Skip to content

Woottens 2011 Handbook

February 22, 2011

I am going to throw myself out there now and admit something deeply uncool. If you are of a sensitive disposition, please look away now. I have a bit of a soft spot for…wait for it…pelargoniums! No, not the loud, brash, blousy, shouty, oh-my-granny-loves-those cultivars of which there are hundreds. I like some of the cultivars but I prefer the more understated (give me some credit!) and delicate species pelargoniums*. I especially love scented-leaved ones. I must say now that I am not fond of pelargoniums as bedding (I am not particularly fond of bedding full stop). It is in pots that I like them most.

P. australe

P. triste

The main reason for my affection stems from my time at the Chelsea Physic Garden where they have a collection of pelargoniums – grown both indoors and out. ‘Glasshouse 4’, where they were kept, always smelt divine. It was always a pleasure to work in there. I think the scent of ‘geranium’ oil** is heavenly – maybe because it also partly reminds me of the relaxation and luxuriousness of spa treatments and the smell of aromatherapy.

Last year, to satisfy my pelargonium desire (and to appease the magpie lurking within me), I ordered several from Woottens of Wenhaston. These included P. sidoides, P. triste, P. x ‘Ardens’, P. fruticosum, P. australe and P. ‘Lara Starshine’ (what a fab name!) amongst others. They arrived well packaged and in good condition. I think P. australe ended up working out the best – it looked fantastic in its pot and produced pretty, starry white flowers profusely all summer. Scent-wise I think pelargoniums really come into their own when you have a glasshouse to keep them in – which I sadly do not – and this has also meant that I was not able to over-winter them as we did at CPG. I let them dry out and stuck them in the shed but, as expected, they REALLY didn’t like the stale air in there. We shall see how many survive but I don’t hold out much hope.

P. 'Lara Starshine'

P. sidoides

 

At the beginning of February I received a copy of the latest Woottens handbook and finally got round to poring over it in the last couple of days. The 2011 handbook is the ninth to be produced by Michael Loftus (the last was in 2007). His 20 year old plant nursery in Suffolk is particularly known for its auriculas, chrysanthemums, historic bearded irises and pelargoniums amongst other plant collections. Right now he also seems to be very into clivias and hemerocallis too. The catalogue is nicely put together, packed full of useful information and beautiful images – it’s such a pleasure to browse. Whilst I was sent my copy gratuit, I think that at just £5.80 (including postage) it is fantastically good value. It’s perfect bound, printed on good quality paper, well laid-out and a wonderful resource. If you’d like to order a copy it’s available on the Woottens website – just click on the ‘Publications’ link on the home page. Or call 01502 478 258. I know I already have my eye on some Iris sibirica ‘Flight of Butterflies’ – one of my faves! – and yes, perhaps a few more pelargoniums too.

* Pelargoniums (often called geraniums) are not to be confused with the hardy, herbaceous perennial ‘true’ geraniums, which are a separate genus – although they both belong in the Geraniaceae family.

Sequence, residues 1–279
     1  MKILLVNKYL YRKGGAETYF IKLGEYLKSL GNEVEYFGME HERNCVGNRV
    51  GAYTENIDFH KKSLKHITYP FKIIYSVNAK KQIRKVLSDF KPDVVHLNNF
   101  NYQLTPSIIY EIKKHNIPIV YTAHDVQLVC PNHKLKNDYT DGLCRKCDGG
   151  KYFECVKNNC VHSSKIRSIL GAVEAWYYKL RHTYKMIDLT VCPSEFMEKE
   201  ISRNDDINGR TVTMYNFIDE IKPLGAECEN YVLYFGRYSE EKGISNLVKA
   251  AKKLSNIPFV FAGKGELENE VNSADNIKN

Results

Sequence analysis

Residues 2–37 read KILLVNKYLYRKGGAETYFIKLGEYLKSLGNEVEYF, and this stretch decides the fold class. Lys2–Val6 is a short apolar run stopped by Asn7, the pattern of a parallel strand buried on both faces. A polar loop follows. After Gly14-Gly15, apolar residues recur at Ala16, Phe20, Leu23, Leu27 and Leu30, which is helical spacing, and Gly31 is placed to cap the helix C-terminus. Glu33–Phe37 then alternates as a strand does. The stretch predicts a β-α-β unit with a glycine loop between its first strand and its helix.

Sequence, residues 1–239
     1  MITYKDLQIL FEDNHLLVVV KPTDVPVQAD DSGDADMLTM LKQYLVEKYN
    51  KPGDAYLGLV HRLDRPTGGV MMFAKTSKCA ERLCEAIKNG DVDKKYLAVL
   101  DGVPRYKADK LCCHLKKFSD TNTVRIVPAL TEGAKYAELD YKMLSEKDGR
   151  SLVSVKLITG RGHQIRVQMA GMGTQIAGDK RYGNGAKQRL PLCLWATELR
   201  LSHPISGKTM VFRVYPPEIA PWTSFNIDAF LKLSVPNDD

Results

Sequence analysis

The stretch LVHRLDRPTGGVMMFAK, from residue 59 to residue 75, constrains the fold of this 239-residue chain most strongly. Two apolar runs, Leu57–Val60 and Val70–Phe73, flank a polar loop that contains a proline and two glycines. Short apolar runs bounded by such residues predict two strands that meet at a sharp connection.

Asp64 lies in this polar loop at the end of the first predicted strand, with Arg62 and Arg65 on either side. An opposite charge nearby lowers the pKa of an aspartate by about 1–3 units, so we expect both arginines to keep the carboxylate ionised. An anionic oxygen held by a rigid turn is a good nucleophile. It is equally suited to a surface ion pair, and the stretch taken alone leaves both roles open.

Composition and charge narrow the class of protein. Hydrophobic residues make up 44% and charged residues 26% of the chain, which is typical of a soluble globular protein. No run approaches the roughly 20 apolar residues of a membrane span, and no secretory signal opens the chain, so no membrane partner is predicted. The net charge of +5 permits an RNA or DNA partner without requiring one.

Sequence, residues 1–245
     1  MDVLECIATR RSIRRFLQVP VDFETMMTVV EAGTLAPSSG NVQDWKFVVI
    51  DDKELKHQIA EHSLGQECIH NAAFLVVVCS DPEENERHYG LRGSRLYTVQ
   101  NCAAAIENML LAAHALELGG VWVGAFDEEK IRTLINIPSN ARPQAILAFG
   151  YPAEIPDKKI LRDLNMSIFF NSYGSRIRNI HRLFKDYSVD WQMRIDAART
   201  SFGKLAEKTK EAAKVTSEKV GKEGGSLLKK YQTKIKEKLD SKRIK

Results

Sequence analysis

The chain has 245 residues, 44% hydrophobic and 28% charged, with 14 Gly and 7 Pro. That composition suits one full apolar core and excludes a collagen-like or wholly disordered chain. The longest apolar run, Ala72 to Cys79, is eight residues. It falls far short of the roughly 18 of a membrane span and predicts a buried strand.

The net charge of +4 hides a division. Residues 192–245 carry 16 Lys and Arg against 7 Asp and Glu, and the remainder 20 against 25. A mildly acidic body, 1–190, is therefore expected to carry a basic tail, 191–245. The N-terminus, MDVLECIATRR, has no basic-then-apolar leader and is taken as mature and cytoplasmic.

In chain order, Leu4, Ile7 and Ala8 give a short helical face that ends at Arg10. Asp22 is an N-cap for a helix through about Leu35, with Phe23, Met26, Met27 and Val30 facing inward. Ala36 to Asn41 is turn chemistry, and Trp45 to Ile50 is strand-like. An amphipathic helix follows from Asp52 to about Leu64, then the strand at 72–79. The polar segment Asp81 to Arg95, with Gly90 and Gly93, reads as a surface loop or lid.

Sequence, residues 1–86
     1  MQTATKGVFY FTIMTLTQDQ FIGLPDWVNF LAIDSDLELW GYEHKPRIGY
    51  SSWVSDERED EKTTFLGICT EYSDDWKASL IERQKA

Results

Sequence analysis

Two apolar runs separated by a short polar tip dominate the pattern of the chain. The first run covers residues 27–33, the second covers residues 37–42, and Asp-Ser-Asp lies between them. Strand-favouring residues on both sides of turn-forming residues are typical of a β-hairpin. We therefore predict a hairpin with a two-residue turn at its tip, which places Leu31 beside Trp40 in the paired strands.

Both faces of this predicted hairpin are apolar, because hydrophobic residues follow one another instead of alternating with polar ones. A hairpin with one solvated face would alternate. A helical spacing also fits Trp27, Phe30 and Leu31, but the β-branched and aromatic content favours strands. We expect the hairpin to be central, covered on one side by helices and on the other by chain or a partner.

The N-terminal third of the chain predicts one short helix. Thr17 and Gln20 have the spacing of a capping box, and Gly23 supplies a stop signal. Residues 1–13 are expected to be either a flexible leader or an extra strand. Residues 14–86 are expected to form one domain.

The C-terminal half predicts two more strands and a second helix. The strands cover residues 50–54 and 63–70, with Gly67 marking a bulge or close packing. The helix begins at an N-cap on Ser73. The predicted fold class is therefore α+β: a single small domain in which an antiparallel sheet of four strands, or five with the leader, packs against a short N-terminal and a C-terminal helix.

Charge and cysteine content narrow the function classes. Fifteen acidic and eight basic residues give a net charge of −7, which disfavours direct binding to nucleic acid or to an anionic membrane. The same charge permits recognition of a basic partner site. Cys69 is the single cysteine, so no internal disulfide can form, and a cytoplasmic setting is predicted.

** Geranium oil, important in the fragrance industry, more accurately comes from Pelargonium (often P. graveolens). As well as smelling gorgeous it is a balancing oil (good for hormone imbalances apparently), an antidepressant, antiseptic, an astringent and haemostatic (stops bleeding). In skin care it balances oil production. It also has insect repellant properties. Wow – quite a list of qualities huh? I get my geranium oil from Neal’s Yard and use it in an essential oil burner.

Extra info:

  • If you want to know more about pelargoniums and how to grow them read about it on the RHS site here.
  • Woottens nursery is open throughout the year. The Display Garden is open every Tuesday, Wednesday and Thursday 9.30am–5pm from the 1st April to the 30th September. Visitors can also see, for free: the Bearded Iris Field (over two acres) between 29 May to 13 June; and the Hemerocallis Field on the second and third weekends in July.
  • Michael Loftus is self-taught and opened Woottens in 1990. He previously owned and managed the Neal’s Yard Whole Foods Warehouse in Covent Garden during the 1980s.
About these ads
3 Comments leave one →
  1. February 23, 2011 12:02 am

    Excellent post, I too like pelargonium, (some) & hate bedding! Nursery info also handy, many thanks. Gary

    • February 23, 2011 7:19 pm

      Thank you Gary. Glad there are fellow pelargonium fans out there. Now I just need a glasshouse…

Trackbacks

  1. Tweets that mention Woottens 2011 Handbook « GirlAboutGarden -- Topsy.com

Leave a Reply

Fill in your details below or click an icon to log in:

WordPress.com Logo

You are commenting using your WordPress.com account. Log Out / Change )

Twitter picture

You are commenting using your Twitter account. Log Out / Change )

Facebook photo

You are commenting using your Facebook account. Log Out / Change )

Google+ photo

You are commenting using your Google+ account. Log Out / Change )

Connecting to %s

Follow

Get every new post delivered to your Inbox.

Join 69 other followers